Diabetes and Hypoglycemia

Beta-blockers may mask tachycardia occurring with hypoglycemia, but other manifestations such as dizziness and sweating may not be significantly affected.


If Vinicor XL is used in the setting of pheochromocytoma, it should be given in combination with an alpha blocker, and only after the alpha blocker has been initiated. Administration of beta-blockers alone in the setting of pheochromocytoma has been associated with a paradoxical increase in blood pressure due to the attenuation of beta-mediated vasodilatation in skeletal muscle.


Vinicor XL may mask certain clinical signs (e.g., tachycardia) of hyperthyroidism. Avoid abrupt withdrawal of beta blockade, which might precipitate a thyroid storm.

What should I discuss with my healthcare provider before taking Vinicor XL?

Some medical conditions may interact with Vinicor XL tartrate. Tell your doctor or pharmacist if you have any medical conditions, especially if any of the following apply to you:

Some MEDICINES MAY INTERACT with Vinicor XL tartrate. Tell your health care provider if you are taking any other medicines, especially any of the following:

This may not be a complete list of all interactions that may occur. Ask your health care provider if Vinicor XL tartrate may interact with other medicines that you take. Check with your health care provider before you start, stop, or change the dose of any medicine.

Vinicor XL precautions

Certain people who are very sick or very old or who are sensitive show an exacerbation of side effect of the drug which can turn dangerous at times. So, it is very important to remember the precautions while taking the medicine. Pregnancy and Breastfeeding are also special categories wherein extra care or precaution is needed when taking a drug. Few patients may have a hypersensitivity reaction to few medications, and that can be life-threatening rarely. Penicillin hypersensitivity is one example. Diarrhea, rashes are few other symptoms which need a watch. A patient with other co-existing diseases like liver disease, heart disease, kidney disease should take special precautions.

IV administration of calcium antagonists of the verapamil-type should not be given to patients treated with β-blockers.

Generally, when treating patients with asthma, concomitant therapy with a β2-agonist (tablet and/or aerosol) should be administered. The dosage of β2-agonists may require adjustment (increase) when treatment with S-Vinicor XL is started. The risk of S-Vinicor XL interfering with β2-receptors is however, less than with conventional tablet formulations of β1-selective blockers.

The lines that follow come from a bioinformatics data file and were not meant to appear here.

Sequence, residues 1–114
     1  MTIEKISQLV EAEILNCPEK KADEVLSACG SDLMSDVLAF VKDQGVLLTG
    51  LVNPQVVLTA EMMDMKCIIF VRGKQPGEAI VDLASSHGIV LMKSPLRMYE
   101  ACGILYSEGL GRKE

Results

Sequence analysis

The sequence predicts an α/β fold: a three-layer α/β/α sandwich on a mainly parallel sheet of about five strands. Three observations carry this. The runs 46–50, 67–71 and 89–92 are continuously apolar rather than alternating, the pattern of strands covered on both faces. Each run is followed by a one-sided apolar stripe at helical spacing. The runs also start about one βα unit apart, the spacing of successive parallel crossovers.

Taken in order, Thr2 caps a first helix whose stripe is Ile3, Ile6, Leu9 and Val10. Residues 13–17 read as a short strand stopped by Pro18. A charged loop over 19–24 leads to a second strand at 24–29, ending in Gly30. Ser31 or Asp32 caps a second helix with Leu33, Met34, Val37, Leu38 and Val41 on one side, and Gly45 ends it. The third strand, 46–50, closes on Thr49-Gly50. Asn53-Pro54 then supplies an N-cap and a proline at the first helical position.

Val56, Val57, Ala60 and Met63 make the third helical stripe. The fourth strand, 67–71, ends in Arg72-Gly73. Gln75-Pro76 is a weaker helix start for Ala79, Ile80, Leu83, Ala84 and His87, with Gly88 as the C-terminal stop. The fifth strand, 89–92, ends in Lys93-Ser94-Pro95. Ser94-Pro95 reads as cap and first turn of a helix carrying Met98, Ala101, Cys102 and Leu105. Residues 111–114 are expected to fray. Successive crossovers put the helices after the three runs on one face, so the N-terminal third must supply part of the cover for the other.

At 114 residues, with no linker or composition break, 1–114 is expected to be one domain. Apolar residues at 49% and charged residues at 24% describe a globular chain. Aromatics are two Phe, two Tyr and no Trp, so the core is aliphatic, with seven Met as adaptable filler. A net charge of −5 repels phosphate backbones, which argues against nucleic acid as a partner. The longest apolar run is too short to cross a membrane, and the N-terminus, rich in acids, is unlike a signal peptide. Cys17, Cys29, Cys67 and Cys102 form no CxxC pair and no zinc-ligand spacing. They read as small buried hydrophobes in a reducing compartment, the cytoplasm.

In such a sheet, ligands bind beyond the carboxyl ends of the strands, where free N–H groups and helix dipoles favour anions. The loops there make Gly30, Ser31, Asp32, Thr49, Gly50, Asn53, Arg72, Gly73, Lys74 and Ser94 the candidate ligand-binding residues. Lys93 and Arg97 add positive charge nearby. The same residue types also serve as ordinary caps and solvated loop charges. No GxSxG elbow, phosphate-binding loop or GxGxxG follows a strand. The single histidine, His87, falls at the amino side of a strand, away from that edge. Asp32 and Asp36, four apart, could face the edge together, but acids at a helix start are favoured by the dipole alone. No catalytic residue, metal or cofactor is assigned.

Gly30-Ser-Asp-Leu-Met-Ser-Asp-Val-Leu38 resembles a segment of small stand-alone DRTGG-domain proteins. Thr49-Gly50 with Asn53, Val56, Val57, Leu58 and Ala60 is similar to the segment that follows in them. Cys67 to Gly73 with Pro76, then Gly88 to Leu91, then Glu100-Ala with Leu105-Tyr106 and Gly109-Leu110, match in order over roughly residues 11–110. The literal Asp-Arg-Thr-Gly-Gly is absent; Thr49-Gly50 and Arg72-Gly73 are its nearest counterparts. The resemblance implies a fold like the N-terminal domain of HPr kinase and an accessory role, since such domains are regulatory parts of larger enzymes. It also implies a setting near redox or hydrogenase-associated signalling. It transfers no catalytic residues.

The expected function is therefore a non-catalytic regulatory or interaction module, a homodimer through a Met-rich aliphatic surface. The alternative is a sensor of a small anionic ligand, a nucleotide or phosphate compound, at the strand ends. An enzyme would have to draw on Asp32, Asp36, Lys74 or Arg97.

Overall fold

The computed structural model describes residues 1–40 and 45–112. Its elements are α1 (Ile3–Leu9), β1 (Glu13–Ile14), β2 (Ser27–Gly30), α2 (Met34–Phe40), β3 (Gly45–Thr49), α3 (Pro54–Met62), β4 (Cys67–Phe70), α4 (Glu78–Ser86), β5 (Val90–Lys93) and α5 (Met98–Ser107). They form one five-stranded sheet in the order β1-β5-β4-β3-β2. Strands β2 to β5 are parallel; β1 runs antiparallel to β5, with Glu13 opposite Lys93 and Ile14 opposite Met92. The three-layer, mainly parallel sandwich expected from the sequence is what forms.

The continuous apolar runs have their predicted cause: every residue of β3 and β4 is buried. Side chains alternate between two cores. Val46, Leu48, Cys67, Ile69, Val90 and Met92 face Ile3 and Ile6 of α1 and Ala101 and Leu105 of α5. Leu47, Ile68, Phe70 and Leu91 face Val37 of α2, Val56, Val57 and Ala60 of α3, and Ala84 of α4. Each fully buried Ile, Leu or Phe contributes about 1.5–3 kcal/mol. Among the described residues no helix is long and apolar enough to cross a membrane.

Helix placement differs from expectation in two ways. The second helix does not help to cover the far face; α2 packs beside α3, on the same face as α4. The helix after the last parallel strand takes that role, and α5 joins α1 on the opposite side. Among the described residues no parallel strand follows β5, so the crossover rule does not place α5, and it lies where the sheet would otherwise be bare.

During treatment with S-Vinicor XL, the risk of interfering with carbohydrate metabolism or masking hypoglycemia is likely to be less than during treatment with conventional tablet formulations of β1-selective blockers and much less than with nonselective β-blockers.

Patients suffering from heart failure should have their decompensation treated both before and during treatment.

Very rarely, a preexisting AV conduction disorder of moderate degree may become aggravated (possibly leading to AV block).

If the patients develop increasing bradycardia, S-Vinicor XL should be given in lower doses or gradually withdrawn.

S-Vinicor XL may aggravate the symptoms of peripheral arterial circulatory disorders, mainly due to its blood pressure lowering effect.

Where S-Vinicor XL is prescribed for a patient known to be suffering from a phaeochromocytoma, an α-blocker should be given concomitantly.

Prior to surgery, the anesthetist should be informed that the patient is receiving S-Vinicor XL. It is not recommended to stop β-blocker treatment in patients undergoing surgery.

Abrupt interruption of Vinicor XL is to be avoided. Sudden withdrawal of β-blockade is hazardous, especially in high-risk patients, and may aggravate angina pectoris as well as increase the risk of myocardial infarction and sudden death. Any withdrawal of S-Vinicor XL should therefore, if possible, be made gradually over at least 2 weeks when the dose is reduced by ½ in each step, down to the final dose when a 25-mg tablet is reduced to ½ tablet. The final dose should be given for at least 4 days before discontinuation. If symptoms occur, a slower withdrawal rate is recommended.

Use in pregnancy: Pregnancy category C. There are no adequate and well-controlled studies of Vinicor XL or S-Vinicor XL in pregnant women. Because animal reproduction studies are not always predictive of human response, use S-Vinicor XL during pregnancy only if clearly needed.

Use in lactation: Racemic Vinicor XL was reported to be excreted in breast milk in very small quantities. An infant consuming 1 L of breast milk daily would receive a dose of <1 mg of Vinicor XL. Possible infant exposure must be considered when Vinicor XL/S-Vinicor XL is administered to a nursing woman.

Use in children: Safety and effectiveness of S-Vinicor XL has not been established in children; hence S-Vinicor XL is not recommended for use in this population.

What happens if I miss a dose of Vinicor XL?

When you miss a dose, you should take it as soon as you remember, but you should take care that it should be well spaced from the next dose. You should not take an extra dose at the time of the second dose as it will become a double dose. The double dose can give unwanted side effects, so be careful. In chronic conditions or when you have a serious health issue, if you miss a dose, you should inform your health care provider and ask his suggestion.

Take the missed dose as soon as you remember. Skip the missed dose if it is almost time for your next scheduled dose. Do not take extra medicine to make up the missed dose.


  1. DailyMed. "METOPROLOL FUMARATE: DailyMed provides trustworthy information about marketed drugs in the United States. DailyMed is the official provider of FDA label information (package inserts).". (accessed September 17, 2018).
  2. DrugBank. "metoprolol". (accessed September 17, 2018).
  3. MeSH. "Antihypertensive Agents". (accessed September 17, 2018).


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Information checked by Dr. Sachin Kumar, MD Pharmacology